When they followed vultures into the rainforest on Marajó Island in Brazil, near the mouth of the Amazon River officials with the state health, sanitation and environment department made a surprising discovery. The birds were feeding on the carcass of a 10-ton, 26-foot-long humpback whale calf.
The calf, about a year old, was in an area so remote that it took officials two trips to get there.How did it end up in the rainforest, about 50 feet from the river?
Wildlife experts, including those with the nonprofit conservation group Bicho D’agua Institute, believe the calf probably died after becoming separated from its mother and that turbulent waves during a storm swept it inland.
“During this season, the tide normally rises twice a day to almost 4 meters (13 feet) and floods the mangrove forest, bringing lots of trash, including trash from ships from a lot of places in the world,” Maura Sousa, an oceanographer with Bicho D’agua, told CNN. “This explains why an inflated carcass, due to the gases of the decomposition, was dragged into the mangrove forest.”
The bigger question is: what was the humpback calf in that area of Brazil in the first place?
This is “unusual,” biologist Renata Emin, project leader for Bicho D’agua, told the Brazilian news site O Liberal. From August to November, humpback whales can be found thousands of miles south, along Brazil’s Bahia coast, where they mate before migrating north. By February, they should be in Antarctica.
Due to decomposition, any clear indications as to how the calf died may have been lost. “We are collecting as much information as we can get, and identifying marks and wounds on its body to see if it was caught in a net or hit by a boat,” Emin told O Liberal.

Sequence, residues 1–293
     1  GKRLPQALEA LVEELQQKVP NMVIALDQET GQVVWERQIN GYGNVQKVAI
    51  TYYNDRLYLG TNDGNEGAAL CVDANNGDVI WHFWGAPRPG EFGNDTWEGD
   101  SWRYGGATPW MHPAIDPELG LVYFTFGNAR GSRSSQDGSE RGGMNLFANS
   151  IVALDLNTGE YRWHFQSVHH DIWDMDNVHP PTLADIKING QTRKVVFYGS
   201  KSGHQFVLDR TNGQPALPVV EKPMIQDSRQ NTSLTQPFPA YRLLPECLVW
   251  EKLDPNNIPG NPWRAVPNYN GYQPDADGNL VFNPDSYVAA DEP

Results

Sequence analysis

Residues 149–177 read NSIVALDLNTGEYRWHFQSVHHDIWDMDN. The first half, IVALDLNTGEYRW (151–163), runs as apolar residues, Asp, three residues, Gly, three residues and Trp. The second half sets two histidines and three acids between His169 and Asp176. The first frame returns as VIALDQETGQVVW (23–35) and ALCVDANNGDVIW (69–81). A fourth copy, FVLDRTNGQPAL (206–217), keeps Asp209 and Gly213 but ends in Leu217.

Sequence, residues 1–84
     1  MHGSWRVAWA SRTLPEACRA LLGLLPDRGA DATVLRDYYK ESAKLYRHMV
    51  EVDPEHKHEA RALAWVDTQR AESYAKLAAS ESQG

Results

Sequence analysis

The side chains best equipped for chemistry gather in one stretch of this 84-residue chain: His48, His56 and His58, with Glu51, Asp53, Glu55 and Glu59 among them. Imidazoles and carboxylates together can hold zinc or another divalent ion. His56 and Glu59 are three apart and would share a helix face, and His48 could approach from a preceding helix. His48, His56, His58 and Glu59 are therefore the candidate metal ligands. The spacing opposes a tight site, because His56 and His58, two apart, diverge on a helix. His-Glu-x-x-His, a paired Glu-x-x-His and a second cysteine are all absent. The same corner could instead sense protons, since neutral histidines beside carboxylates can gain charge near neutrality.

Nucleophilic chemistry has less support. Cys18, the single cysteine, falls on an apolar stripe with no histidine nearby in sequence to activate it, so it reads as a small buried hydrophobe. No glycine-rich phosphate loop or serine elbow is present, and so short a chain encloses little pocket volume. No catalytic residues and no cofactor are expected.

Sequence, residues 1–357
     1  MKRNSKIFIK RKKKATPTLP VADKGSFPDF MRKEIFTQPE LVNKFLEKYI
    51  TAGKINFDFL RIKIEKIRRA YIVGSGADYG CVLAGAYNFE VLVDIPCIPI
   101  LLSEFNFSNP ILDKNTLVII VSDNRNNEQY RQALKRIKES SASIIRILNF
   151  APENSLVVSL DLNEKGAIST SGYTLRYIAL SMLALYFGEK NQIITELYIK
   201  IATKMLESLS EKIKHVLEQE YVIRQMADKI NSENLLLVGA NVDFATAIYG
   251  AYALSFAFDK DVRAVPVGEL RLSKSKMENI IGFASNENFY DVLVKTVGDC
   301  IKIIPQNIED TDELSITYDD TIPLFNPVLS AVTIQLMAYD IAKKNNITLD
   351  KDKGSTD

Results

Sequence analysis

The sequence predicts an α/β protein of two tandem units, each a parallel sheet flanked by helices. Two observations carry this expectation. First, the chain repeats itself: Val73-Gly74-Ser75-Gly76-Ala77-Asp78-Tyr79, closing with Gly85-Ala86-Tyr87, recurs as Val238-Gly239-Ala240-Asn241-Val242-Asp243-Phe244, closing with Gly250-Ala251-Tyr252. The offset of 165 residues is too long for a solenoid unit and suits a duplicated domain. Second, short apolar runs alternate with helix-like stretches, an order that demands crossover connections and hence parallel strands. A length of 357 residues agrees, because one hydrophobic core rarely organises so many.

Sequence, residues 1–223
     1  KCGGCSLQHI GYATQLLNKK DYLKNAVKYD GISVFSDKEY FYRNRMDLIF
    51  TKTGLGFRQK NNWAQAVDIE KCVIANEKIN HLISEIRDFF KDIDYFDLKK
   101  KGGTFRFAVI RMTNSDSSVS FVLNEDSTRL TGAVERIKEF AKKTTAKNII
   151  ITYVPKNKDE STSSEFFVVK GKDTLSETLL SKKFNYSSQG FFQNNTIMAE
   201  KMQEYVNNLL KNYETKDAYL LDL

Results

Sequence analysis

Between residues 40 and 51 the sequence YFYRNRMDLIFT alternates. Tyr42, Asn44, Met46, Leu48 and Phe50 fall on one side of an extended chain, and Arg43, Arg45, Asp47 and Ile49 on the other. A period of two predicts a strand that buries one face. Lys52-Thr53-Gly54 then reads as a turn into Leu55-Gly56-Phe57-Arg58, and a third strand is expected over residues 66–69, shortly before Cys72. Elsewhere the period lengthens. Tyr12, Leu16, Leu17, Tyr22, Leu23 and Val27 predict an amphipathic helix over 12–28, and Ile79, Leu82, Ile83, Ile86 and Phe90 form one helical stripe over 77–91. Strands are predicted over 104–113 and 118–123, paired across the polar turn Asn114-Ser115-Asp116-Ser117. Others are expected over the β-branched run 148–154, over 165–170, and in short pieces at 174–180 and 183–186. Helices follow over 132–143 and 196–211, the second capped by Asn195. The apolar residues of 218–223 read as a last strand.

Another possibility, proposed by the Maritime Herald, is that the young calf may have died after mistaking plastic debris for food and eating it.
From five to 13 million tons of plastic leak into the world’s oceans each year, according to Whale and Dolphin Conservation. In November 2018, over 1,000 pieces of plastic, including bags, bottles, flip-flops and cups, were found in the stomach of a dead sperm whale that washed ashore in Indonesia. More than 74,000 people have signed a Care2 petition urging Indonesia to ban single-use plastics.
As bizarre as it may seem, this poor humpback calf wasn’t the first whale to end up in the Amazon rainforest. In 2007 a 12-ton minke whale managed to travel 1,000 miles from the Atlantic Ocean via Amazon River tributaries. Scientists and volunteers rescued the lost whale, which was stranded on a beach. The plan was to transport the whale by ship back to its ocean home, but sadly it died before that could be accomplished.
We don’t know what killed this lost humpback whale, but we do know that single-use plastic is responsible for the death of hundreds of whales every year. Join over 74,000 supporters and sign and share this Care2 petition demanding that Indonesia ban single-use plastics.
This article was first published by Care2.com on 28 Feb 2019.